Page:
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I’m Sorry, But I’m Done Apologizing | by Alexandra Kuykendall


I’m working on not apologizing.

I attended an event last year for working women. Women In the Mix is in its second year and supports women by helping them explore and manage their own version of the “mix”: family, home management, work, self-care and community. Each of these areas of a woman’s life was covered by a speaker. Aimee Cohen is a career coach for women and she covered the ‘work’ segment for the day. She shared about some of the ways women self-sabotage in the workplace compared to their male counterparts.

I have to admit I was pretty smug as I sat in my conference ballroom chair, sure she wouldn’t be speaking to me. These days my workplace is my living room with my laptop where I communicate primarily with other women and am not of the self-sabotaging sort. Or at least I thought.

As I’ve been living my life since that day, two practices from Aimee’s presentation have come back to me:

First, women over apologize. For being late, for not having offered more of themselves, for somehow disappointing the other person before they’ve even opened their mouth. That sounded so pathetic and not me. Until I came home and began to write some emails. And rewrite them and rewrite them because I was suddenly aware of all of the ways I apologize for doing my work. “I’m sorry to have to ask you,” “I know you’re so busy,” “I wouldn’t normally need this, but…” all ways of saying I’m approaching you with a question and apologizing for even asking.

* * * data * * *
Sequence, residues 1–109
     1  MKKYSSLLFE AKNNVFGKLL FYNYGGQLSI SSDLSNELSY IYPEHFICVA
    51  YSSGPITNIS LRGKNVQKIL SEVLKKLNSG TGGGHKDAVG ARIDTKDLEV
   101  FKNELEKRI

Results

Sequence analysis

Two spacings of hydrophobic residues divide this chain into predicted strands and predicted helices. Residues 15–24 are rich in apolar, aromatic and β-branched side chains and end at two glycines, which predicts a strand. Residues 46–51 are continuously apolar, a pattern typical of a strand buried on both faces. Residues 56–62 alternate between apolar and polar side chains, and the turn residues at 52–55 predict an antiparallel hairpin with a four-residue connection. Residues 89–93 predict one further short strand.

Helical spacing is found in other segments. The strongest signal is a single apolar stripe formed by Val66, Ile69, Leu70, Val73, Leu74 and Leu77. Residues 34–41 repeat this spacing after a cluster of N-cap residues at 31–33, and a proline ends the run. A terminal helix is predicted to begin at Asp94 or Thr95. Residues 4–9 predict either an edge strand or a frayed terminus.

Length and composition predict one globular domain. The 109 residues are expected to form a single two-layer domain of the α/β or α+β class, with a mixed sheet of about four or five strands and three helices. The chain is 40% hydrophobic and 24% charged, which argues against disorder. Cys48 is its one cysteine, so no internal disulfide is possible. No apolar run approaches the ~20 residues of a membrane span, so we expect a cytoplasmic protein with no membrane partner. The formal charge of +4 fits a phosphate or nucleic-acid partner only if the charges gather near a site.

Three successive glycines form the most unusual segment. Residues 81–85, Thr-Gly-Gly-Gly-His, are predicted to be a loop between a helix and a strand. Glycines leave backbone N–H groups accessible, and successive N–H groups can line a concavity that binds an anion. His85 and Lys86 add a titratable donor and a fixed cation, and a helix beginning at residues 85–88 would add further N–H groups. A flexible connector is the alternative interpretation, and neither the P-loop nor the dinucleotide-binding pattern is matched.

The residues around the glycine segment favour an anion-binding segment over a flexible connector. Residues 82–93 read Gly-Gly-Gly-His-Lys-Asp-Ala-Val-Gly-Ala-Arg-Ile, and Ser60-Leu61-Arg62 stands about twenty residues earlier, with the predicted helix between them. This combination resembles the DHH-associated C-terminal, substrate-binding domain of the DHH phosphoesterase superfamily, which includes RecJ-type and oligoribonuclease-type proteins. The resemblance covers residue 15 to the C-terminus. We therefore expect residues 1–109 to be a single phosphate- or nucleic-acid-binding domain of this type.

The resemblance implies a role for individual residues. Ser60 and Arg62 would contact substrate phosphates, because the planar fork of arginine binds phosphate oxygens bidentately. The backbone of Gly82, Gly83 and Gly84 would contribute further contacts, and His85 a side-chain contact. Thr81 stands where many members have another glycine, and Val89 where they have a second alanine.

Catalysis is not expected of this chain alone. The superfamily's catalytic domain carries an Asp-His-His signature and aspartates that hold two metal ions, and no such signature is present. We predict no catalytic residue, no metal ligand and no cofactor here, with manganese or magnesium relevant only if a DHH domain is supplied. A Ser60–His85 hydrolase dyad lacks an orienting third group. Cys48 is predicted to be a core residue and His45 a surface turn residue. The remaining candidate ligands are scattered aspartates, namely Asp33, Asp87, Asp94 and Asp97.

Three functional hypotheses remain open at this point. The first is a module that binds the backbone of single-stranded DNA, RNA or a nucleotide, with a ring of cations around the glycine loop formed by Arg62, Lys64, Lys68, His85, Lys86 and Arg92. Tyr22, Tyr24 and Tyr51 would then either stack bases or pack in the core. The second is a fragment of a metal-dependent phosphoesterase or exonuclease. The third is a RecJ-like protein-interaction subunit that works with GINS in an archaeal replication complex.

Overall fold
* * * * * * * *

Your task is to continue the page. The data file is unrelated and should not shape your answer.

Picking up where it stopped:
Second, women underestimate their qualifications. The speaker used a job description for a new position in the office as her example. Women typically look over all of the desired qualifications and won’t even consider applying for the job unless they feel they meet 100% of the desired experiences listed. Men will look at a job description and apply if they meet only 60% of the stated qualifications, figuring they can learn the rest on the job if given the chance to try. That one felt a little more true from the beginning. I don’t have enough experience. I’ve never done that before. Will I seem over confident if I ask to be considered? And my all-time specialty, I’m sure they’ll offer me the job (or project or article or book) if they want me to do it.

Reading through these thoughts it doesn’t sound to me like I’m describing ME. I consider myself generally capable and even a little talented (see how I minimized there?). But now that it has been called to my attention and I’m more aware of things I do and say without thinking, I’ve been catching myself in speech and editing my emails. I’m working on not apologizing for trying or working or wanting. Apparently it goes against my nature. How about you? Where do you self-sabotage without even realizing it?

By Alexandra Kuykendallalex.headshot

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